From Richard Peters
Belmont [Philadelphia] Jan’y 25. 1790.
I should sooner have acknowledged the Reciept of your kind Letter1 respecting Mr Smith2 but I hope not to draw you into any useless Correspondence when your Hands must be full of Matters of more general Consequence. I hoped to get Mr. S. employed here & had nearly succeeded but his Friends were culpably sure of Success & by a sudden Compromise he lost the Appointment of Treasurer to the State by one Vote tho’ his Interest is far superior to that of his Opponent. These Things will happen in multitudinary Bodies & the Lord help him who depends upon them. He has need of some other Assistance than theirs. Smith has an Antipathy to an Employment in the State & a strong Inclination for one in his old Line. But how or when he can be provided for, if at all, is a Matter which must at present be doubtful at least. He goes to New York to get what we all desire & he much wants—Money. He knows you are not yet upon Velvet in this Way & wishes to avoid being importunate but hopes you may be able to afford him something towards old Scores. I know not that ever I shall have it in my Power to repay any Kindnesses shewn him in any other Way than being grateful for them. No Expectation is formed further than that of your giving him his Share in any general Arrangement which he presumes you may have thought of for all in his Circumstances.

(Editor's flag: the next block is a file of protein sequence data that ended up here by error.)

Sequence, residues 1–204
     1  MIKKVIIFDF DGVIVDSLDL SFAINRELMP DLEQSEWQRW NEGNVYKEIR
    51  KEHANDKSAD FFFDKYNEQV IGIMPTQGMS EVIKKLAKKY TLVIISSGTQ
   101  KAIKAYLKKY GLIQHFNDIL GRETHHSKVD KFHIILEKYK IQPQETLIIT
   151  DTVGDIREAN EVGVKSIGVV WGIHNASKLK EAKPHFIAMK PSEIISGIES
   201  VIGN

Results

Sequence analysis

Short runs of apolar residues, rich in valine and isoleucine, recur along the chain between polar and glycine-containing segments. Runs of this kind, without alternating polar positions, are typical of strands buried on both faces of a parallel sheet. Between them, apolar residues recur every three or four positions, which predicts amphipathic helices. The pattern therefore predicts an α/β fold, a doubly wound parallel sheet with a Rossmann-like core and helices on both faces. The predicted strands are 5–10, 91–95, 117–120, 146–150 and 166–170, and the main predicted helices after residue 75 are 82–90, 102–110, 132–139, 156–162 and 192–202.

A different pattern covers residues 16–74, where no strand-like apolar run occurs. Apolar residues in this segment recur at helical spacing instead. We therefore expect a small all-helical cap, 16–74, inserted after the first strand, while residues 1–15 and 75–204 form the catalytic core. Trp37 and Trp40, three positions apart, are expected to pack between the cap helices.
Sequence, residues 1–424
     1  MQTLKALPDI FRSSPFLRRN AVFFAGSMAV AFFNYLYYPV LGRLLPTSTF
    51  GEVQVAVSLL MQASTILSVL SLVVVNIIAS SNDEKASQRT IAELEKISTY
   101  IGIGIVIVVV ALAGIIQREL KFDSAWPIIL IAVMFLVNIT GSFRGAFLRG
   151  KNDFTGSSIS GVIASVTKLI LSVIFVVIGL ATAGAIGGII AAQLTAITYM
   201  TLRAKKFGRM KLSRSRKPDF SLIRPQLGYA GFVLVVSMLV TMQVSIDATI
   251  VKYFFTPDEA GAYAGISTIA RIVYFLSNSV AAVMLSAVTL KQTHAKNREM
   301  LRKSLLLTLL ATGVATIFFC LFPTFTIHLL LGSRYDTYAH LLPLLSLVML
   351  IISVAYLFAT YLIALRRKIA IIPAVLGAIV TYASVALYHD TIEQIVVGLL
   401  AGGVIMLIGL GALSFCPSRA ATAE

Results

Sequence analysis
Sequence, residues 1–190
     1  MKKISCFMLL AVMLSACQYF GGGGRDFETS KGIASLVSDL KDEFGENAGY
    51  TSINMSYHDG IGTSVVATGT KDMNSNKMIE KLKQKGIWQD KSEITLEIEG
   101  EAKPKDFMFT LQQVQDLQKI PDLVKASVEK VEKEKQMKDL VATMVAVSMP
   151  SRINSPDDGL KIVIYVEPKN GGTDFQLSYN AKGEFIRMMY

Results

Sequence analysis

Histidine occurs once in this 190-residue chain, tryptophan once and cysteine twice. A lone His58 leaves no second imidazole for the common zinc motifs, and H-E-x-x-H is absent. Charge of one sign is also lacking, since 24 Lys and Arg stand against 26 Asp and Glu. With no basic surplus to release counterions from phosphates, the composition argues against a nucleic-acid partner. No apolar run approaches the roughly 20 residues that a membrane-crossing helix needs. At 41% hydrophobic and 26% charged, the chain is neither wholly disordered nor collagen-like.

I am with sincere Esteem Your obedt Servt
Hon: A Hamilton Esq
ALS, Hamilton Papers, Library of Congress.
2. Thomas Smith, former continental loan officer.